In other words, DPD doesn’t know exactly how many weapons or how much ammo was used during the protests. While the items listed in the after-action report’s breakdown of weapons used during the protests match those in the public record’s list of weapons purchased in the fiscal years 2018, 2019 and 2020, a few tools are absent from the released records, such as CN Gas and Skat Shells. Despite a few missing items, the information is detailed enough to answer protestors’ questions of “How much exactly is the city paying to tear gas or shoot us with ‘less-lethal’ objects?”

As it turns out, Geneva Convention-banned weapons are rather cheap. It costs less than $40 per tear gas grenade on average. Sponge rounds come out to about $57.25 per shot, factoring in equipment. The cheapest option appears to be pepper balls, which clock in at $3 per shot — equipment included.

An argument often used to defend DPD’s purchase of these weapons is that police need them for particularly dangerous situations, which Kleinman describes as “like serving warrants on suspected drug dens.”

While that may be true, police would likely deploy “barricade” and “breaching” rounds — used to break open doors or deliver chemical agents into homes during a raid — in those situations. Even so, such rounds make up less than six percent of “less-lethal” expenditures between the fiscal years 2018 and 2020. A similar amount is spent on flash bangs of various types, some of which are deployed at protests.

The nearly 100 pages of records Central Track obtained via the Public Information Act don’t just specify the processes by which DPD procures its weapons, but also details the department’s expenditures during the 2018, 2019 and 2020 fiscal years–  including what “less than lethal” items, at what quantity, at what cost, and from which distributor. We analyzed these items and them combined into categories and types to demonstrate how DPD spends its money.

If approved on December 9, the majority of the 2020 master agreement’s nearly $7.7 million-dollar sum will go to the Austin-based “public safety specialists” GT Distributors, Inc. The rest — an estimated $102,500 — will go to the Arizona-based law enforcement-firearm supplier Proforce Marketing, Inc., also known as ProForce Law Enforcement.

GT Distributors, Inc. serves as a distributor for hundreds of manufacturers of first-responder equipment, “less-lethal” weapons and crowd-control devices, including defense technology. As Central Track previously reported, nearly all identified rounds, tear-gas canisters and sponge-round cartridges found during and after the first four days of protests were manufactured by Defense Technology. DPD’s itemized list of “less-lethal” weapon and ammo purchases made in the fiscal years 2018, 2019 and 2020 confirms the department purchased most, if not all, of its defense technology weaponry from GT Distributors.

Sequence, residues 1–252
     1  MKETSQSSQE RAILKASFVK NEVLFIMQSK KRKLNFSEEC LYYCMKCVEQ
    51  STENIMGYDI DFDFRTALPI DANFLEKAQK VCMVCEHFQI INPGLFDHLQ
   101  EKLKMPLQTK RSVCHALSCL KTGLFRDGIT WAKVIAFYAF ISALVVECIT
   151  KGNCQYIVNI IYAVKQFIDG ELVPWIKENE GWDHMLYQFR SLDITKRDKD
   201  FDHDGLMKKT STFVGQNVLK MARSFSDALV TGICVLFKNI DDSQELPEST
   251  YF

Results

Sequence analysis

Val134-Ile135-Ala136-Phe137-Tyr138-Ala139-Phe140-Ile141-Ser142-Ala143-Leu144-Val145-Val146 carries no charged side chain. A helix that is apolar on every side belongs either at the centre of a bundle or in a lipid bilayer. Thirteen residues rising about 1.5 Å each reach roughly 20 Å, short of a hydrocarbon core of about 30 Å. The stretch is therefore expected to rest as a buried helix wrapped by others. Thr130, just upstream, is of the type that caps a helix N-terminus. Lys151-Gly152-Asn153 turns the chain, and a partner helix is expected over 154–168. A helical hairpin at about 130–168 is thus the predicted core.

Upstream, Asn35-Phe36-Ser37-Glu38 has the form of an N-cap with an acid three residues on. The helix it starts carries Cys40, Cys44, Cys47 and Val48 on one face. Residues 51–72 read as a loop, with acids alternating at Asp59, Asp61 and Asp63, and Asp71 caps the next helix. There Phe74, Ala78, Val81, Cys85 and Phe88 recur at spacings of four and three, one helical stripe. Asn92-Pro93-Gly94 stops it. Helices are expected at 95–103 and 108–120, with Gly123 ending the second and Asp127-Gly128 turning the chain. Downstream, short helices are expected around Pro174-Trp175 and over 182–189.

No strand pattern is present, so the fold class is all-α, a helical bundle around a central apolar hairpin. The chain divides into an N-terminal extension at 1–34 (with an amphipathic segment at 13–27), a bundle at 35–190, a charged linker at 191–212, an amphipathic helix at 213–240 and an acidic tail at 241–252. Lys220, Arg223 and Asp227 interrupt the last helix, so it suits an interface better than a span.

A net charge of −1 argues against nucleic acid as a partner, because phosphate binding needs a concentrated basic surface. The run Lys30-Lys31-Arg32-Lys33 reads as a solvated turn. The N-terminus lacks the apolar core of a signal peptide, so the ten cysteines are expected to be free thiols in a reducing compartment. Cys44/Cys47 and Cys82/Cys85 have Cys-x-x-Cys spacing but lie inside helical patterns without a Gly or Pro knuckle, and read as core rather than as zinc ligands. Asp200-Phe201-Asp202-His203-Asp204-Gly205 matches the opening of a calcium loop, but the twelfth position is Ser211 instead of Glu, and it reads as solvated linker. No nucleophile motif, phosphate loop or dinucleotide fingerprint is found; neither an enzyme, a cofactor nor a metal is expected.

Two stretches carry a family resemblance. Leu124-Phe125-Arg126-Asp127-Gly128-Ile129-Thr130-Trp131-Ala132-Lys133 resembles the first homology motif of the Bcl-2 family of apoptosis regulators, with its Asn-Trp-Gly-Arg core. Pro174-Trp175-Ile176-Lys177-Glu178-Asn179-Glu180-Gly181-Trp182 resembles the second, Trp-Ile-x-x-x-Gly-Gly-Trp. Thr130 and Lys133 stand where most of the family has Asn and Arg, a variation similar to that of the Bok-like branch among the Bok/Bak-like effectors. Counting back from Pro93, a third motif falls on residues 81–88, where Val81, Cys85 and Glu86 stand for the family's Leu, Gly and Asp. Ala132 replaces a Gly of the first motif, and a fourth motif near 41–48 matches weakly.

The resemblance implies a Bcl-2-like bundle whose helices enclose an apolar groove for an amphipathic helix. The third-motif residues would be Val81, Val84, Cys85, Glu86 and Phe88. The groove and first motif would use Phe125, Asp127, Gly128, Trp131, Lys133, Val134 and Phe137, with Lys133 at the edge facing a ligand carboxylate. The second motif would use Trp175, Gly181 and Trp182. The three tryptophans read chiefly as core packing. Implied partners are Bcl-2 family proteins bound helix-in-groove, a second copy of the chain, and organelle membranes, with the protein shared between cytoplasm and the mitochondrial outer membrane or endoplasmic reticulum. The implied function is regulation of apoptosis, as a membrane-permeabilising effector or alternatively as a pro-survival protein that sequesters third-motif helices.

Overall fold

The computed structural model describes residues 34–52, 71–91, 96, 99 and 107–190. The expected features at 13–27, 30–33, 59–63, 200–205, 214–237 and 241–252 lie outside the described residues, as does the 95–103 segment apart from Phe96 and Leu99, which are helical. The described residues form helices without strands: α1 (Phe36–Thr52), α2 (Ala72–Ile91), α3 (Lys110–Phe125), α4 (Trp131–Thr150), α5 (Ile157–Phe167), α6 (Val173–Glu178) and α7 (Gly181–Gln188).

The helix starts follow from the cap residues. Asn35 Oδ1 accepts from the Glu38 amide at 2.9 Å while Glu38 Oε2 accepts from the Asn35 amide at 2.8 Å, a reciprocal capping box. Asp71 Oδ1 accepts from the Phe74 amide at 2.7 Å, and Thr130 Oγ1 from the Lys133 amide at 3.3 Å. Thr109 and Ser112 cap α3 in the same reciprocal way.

Central Track also previously reported that DPD uses a paintball gun designed by PepperBall to shoot — you guessed it – pepper balls. According to the itemized list, DPD purchased more than $35,000 worth of pepper balls from Lawmen Supply on June 2, 2020. Lawmen Supply is not listed in the 2013 master agreement. Neither is “CMC Government” (presumably CMC Government Supply, based in Addison), from whom DPD purchased thousands of dollars worth of crowd-control weapons manufactured by Combined Systems, Inc., also known as Combined Tactical Systems (CTS).

The Guardian, The New York Times and The Washington Post reported on the usage of CTS’ tear gas to suppress Arab Spring protests in Egypt and Bahrain. Amnesty International condemned the sale and delivery of thousands of pounds of CTS “ammunition” to the Egyptian government during the Arab Spring.

It is unclear what kind of agreements or contracts DPD has with either Lawmen Supply or CMC Government, much less PepperBall or CTS.

On the other hand, Tactical & Survival Specialties, Inc. is listed in the 2013 master agreement, which allocated $144,148 for the purchase of Simunition products from TSSi. (According to TSSi’s catalog, they sell Simunition blanks, marking cartridges, protective equipment and “weapon conversion kits.”) But in a February 2015 email exchange, a TSSi sales representative revealed to Ernie Lampkin, a certified professional public buyer in DPD’s Financial and Contract Management unit, that TSSi could not quote, much less sell, Simunition products to DPD without breaching TSSi’s contract with Simunition.

Texas lies outside TSSi’s region of distribution for Simunition products. It’s unclear why DPD allocated nearly $150,000 to purchase specific products from a company that couldn’t sell them those specific products.

All of which is to say: None of this process is particularly transparent. The above information was only revealed by two separate public information requests placed in June and fulfilled in late September and early December, respectively. Moreover, it is not clear how many people are aware this agreement is up for discussion by the City Council on December 9; Brown and other activists involved in anti-police-brutality activism were not aware of this agenda item until approached for comment for this article.

You can read the full master agreements, renewals and lists of purchased weapons here.

Cover photo by Shane McCormick.